ABC13 Chief Meteorologist Travis Herzog breaks down sargassum seaweed bloom headed toward Florida

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Friday, March 24, 2023
Will the Sargassum seaweed 'blob' impact Texas? Here's what we know
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A massive 5,000-mile Sargassum seaweed belt is nearing the Gulf of Mexico, but will the Texas Gulf Coast see it? ABC13 Chief Meteorologist Travis Herzog breaks it down.

You've likely heard about the massive 5,000-mile Sargassum seaweed belt tracking toward the Gulf of Mexico, but what, if any, impacts will we have here along the Texas Gulf Coast?

ABC13 Chief Meteorologist Travis Herzog consulted with research scientists at NOAA's Atlantic Oceanographic and Meteorological Laboratory (AOML) and the University of South Florida (USF). The short answer is we have yet to determine how much of that seaweed will make it to Texas shores.

SEE ABC NEWS REPORT: Massive sargassum seaweed bloom headed to Florida is a mystery to scientists

Dr. Chuanmin Hu at USF says two Sargassum sources are along the Texas coast.

The first is a local source in the northwest Gulf that typically peaks along Texas beaches in April and May. You may recall in 2014 when we had a record amount of Sargassum beach along the Texas coast around Memorial Day weekend.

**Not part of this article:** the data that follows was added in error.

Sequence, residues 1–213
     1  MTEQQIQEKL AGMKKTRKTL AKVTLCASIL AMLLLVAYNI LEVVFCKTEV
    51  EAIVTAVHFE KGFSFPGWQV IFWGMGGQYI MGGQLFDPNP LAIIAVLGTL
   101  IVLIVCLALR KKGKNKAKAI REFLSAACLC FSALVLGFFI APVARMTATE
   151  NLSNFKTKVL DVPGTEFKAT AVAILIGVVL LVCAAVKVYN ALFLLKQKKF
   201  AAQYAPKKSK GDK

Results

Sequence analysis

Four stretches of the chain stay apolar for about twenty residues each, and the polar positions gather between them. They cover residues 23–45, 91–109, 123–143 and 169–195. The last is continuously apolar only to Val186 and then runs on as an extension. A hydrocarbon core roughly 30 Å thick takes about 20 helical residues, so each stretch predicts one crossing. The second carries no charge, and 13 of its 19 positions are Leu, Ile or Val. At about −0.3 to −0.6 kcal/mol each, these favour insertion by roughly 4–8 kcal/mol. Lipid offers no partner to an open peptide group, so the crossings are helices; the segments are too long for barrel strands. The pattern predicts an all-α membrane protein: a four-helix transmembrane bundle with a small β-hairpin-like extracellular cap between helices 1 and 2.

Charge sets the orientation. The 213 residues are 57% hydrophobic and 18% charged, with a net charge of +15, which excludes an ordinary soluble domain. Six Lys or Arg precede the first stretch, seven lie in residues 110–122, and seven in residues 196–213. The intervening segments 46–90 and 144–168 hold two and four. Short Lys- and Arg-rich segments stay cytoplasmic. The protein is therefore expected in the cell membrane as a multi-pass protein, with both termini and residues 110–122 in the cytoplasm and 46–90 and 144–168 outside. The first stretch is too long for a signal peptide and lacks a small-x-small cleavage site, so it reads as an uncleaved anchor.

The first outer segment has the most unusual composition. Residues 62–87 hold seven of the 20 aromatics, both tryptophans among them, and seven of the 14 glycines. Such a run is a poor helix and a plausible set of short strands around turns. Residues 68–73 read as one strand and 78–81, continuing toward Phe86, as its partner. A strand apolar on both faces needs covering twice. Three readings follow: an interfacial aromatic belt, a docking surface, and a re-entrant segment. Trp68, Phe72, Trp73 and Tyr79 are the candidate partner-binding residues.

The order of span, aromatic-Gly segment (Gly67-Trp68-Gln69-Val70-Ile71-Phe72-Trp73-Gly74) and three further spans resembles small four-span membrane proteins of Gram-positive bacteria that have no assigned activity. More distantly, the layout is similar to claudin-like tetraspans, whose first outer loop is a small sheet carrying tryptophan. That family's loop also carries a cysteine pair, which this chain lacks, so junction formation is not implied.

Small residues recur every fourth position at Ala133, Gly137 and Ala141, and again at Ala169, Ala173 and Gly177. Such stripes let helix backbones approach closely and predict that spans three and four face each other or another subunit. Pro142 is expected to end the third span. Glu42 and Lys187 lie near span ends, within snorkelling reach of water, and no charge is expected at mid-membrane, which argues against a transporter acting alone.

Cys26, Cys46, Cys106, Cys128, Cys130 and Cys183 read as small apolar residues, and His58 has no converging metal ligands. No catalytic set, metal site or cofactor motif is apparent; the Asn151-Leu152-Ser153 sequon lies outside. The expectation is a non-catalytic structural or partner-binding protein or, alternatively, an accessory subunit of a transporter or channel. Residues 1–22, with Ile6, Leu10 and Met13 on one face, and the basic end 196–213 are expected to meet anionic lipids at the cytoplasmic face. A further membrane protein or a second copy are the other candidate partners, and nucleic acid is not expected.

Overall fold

The other source is what emerges from the Caribbean from the Great Atlantic Sargassum Belt, which typically peaks along Texas beaches in the summer months.

It is difficult to predict exactly when and how much seaweed could wash ashore from this source because there is no direct current from the Caribbean to the Texas coast.

The Gulf stream current primarily flows northward from the Caribbean Sea into the Gulf and then turns east between Cuba and Florida.

Eddies of warm water from the Gulf stream often form in the central Gulf, break off from the primary current, and drift toward Texas. These are the eddies that can contain Sargassum seaweed from the Caribbean.

So while we may eventually get some of that seaweed this summer, it likely won't be nearly as much as what is heading toward Florida.

Sargassum seaweed only recently invaded the tropical Atlantic, becoming a major recurring problem since 2011.

To find out, watch the explanation Travis gives in the video above, which includes a new experimental map showing the current risk of Sargassum seaweed along the Gulf, Caribbean, and Atlantic coasts.

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